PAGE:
I used the HSBC ATM at Soriana in Chapala, which is a big box store kind of like a small Walmart. For some ornery reason of its own, the ATM gobbled up my debit card. No money, no card. Nada. I did get a printed receipt that told me the machine had kept the card.
I knew I would never see that card again, but just in case – since the laws of reality operate a bit differently south of the border – I asked the guard who was standing nearby, interrupting a tender moment he was having with a pretty young woman. She flounced off, and he got a card from the nearby customer service desk and tried inserting it. The machine took it and gave it back. Good, at least my card was far enough into the guts of the machine that the next customer wasn’t going to receive it.
Next I called the Mexican 800 number that was on the ATM for such occasions. Speaking Spanish on my cell phone in the echoing space of the store, I talked to two different young men, both very nice but both speaking very rapidly. The gist of it was that I should call my bank in Colorado and void that card.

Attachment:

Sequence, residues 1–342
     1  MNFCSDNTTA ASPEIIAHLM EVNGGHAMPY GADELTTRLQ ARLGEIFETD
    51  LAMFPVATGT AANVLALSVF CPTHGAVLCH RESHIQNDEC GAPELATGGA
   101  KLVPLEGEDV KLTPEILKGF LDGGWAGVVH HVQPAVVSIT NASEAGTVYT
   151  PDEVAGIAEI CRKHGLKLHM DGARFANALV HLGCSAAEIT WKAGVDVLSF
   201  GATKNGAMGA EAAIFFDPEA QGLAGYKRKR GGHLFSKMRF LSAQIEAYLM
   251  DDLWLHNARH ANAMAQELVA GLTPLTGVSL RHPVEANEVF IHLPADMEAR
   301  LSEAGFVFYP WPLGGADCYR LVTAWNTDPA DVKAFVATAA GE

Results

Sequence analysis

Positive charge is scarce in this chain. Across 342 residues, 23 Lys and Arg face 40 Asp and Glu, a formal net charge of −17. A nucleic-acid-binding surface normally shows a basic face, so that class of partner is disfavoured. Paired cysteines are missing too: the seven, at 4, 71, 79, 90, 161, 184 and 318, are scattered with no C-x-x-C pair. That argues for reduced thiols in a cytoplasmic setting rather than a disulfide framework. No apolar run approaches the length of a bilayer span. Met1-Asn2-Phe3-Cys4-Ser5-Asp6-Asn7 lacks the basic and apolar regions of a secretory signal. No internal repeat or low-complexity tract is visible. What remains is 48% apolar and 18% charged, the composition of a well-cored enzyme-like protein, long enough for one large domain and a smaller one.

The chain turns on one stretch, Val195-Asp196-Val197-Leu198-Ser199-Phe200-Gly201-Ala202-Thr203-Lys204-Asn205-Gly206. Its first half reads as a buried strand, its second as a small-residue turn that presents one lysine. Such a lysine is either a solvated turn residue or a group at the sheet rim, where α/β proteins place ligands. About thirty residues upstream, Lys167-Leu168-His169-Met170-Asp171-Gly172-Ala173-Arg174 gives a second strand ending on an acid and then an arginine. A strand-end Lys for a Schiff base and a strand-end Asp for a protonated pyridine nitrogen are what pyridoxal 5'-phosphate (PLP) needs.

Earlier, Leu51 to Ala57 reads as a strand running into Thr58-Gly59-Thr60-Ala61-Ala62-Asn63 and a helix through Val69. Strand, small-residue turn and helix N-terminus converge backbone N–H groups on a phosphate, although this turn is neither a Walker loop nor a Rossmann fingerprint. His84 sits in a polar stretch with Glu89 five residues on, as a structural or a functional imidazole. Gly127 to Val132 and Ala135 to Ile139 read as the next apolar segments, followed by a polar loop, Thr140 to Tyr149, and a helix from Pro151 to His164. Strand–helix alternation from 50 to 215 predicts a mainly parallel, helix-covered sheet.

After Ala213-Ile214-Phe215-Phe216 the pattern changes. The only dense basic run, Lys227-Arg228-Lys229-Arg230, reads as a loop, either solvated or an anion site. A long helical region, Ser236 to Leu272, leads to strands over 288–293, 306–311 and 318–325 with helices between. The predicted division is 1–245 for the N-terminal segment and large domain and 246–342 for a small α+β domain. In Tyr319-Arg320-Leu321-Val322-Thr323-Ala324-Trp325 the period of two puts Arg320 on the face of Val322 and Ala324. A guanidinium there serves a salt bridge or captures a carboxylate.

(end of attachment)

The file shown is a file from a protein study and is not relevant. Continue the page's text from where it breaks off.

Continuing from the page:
I did that once we got home, and this is another case of the “good bad luck” that Kelly and I seem to have. Next week we’re flying to San Francisco for a quick trip, Kelly to a professional conference on natural building, me to make a circuit of family members and old friends in the bay area. There will be time for my replacement card to catch up with me in the US.
Anyway, back at Soriana, Kelly turned up from doing other errands and he got money out with his card from a different ATM machine there. We did our shopping, loaded up the car, and paid the guy who had washed it.
Kelly turned the key. Nothing happened. We had gas. Our young friend Peter was due at our house pretty soon, and I hoped he wouldn’t have to wait on the street for us. (Peter’s blog on roaming around Mexico and other places just keeps getting better. Check it out if you haven’t. His recent post “Slowly, Mexico becomes a horror movie with a touch of farce” will curl your hair, guaranteed.)
The car washing guy and his buddy came over to trouble shoot with Kelly. They offered to give us a push and Kelly decided it was worth a try. They pushed us out of our spot and then forward towards a sloping exit. Cough, cough, and the car started. We were on our way.
What a relief! We were not going to spend hours in the hot Soriana parking lot.
We stopped in at a gas station to ask about buying batteries, as Kelly was pretty sure that was the problem. The guy there waved at an auto parts store across the street. The man at the store had the right battery and he and Kelly got it installed in no time, with pleasant chatting at no extra charge.
It worked. We got home before Peter.
Just that morning, a Mexican friend had commented that Americans are more community-minded than Mexicans. I do think there is some truth to that, but something about an emergency – small or large – seems to bring out the best in Mexicans!